When I’m not checking for cracks, I like to lie on my stomach watching the earthworms on the other side of the floor. You’d be surprised how comfortable glass can be when you get used to it. You couldn’t see earthworms under our old home — it had carpets and foundations and things. It was a pretty house, with its original 1930s windows and front door, and the long back garden with lilacs and that greenhouse we always meant to use. ‘Our forever home’, we cooed, in the baby-talk we picked up from our friends.
It wasn’t forever for long. Bits fell off. At first, it was just the odd doorknob. Nothing to be overly concerned about. Then, one still and cloudless afternoon, the chimney flew away. You said it was normal for chimneys to fly away, and that if we were patient it would probably fly back. When the roof came off in armfuls of slate and rafter and purlin you said I was catastrophising as usual, but it was bloody cold, even with my coat on. One night I caught you chiselling out the mortar between the bricks of the bedroom wall and you snarled that you were under a lot of pressure and besides, I was imagining it. I didn’t walk away until the night the external walls fell in. You stayed in your armchair, pointing the remote control at where the television used to be.
My new house is made of glass. Cast glass: all-of-a-piece. No doors, no windows, no service runs. No points of entry for the rot to creep in. Structural glass fins keep it stable. When it was completed, I couldn’t get inside. I commissioned a specialist engineer to design a glass trapdoor with glass hinges in the glass floor. I crawl through a tunnel under the lawn to reach it. Once I’m inside my new glass house, oxygen tanks help me breathe.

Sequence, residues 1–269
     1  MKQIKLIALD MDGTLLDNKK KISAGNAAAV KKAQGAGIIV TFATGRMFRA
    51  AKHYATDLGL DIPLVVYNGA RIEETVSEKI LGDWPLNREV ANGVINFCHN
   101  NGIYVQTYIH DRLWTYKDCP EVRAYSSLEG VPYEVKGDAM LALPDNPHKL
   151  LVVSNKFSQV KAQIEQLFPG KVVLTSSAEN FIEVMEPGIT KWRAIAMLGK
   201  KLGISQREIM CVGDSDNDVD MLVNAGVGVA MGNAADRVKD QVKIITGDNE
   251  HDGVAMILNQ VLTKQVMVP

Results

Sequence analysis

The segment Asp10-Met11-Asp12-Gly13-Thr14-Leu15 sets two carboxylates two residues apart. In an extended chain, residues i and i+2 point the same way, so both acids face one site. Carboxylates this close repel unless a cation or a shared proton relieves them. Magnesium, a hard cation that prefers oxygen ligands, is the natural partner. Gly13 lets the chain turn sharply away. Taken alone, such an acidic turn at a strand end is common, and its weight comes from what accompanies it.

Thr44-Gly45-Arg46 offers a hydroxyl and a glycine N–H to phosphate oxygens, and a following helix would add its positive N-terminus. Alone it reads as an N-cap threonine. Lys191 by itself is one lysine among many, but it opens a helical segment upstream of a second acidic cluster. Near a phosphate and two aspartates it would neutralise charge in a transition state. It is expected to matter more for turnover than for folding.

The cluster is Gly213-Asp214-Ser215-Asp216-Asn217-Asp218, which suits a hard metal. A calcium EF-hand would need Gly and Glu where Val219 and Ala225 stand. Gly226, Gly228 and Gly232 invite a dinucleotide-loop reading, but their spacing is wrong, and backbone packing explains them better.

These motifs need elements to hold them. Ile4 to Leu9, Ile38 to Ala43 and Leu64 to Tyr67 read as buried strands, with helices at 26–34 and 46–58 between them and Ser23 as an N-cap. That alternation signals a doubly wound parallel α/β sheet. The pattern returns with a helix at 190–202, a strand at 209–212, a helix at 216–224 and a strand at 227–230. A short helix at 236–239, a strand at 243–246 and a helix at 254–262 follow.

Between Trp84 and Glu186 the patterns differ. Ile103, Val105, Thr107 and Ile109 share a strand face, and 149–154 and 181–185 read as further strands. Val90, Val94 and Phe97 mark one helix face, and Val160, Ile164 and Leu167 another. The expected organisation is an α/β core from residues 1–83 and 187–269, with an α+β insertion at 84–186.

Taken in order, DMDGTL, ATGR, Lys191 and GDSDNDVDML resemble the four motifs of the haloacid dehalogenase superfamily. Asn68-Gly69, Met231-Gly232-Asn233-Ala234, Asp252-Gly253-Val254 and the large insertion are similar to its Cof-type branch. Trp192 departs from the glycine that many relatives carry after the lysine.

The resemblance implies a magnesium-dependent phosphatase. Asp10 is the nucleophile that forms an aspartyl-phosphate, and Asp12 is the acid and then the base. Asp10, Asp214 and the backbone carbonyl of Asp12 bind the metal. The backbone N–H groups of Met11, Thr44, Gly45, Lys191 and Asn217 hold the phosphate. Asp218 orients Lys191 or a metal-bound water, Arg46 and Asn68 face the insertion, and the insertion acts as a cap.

For privacy, I can press a button to turn the walls opaque, but I seldom bother: the transparent quality of glass has many benefits. There are no dark corners; no secret fissures. I can survey the entire structure continuously from wherever I’m standing, except those parts of the floor that are hidden under my furniture. I inspect these separately, periodically. Every four hours. I go to sleep after the midnight inspection and set my alarm for the next one at 4a.m. Vigilance is essential. If so much as the tiniest of fractures appears in any part of the structure I am certain I will shatter completely.
S.A. Greene writes micro and flash in Derbyshire, UK. Words have been published in Flash Flood ’21; Sledgehammer Lit. and are forthcoming in Janus Literary Review (Sept. ’21). Her entry in the Retreat West May Micro Comp. won the People’s Vote. @SAGreene1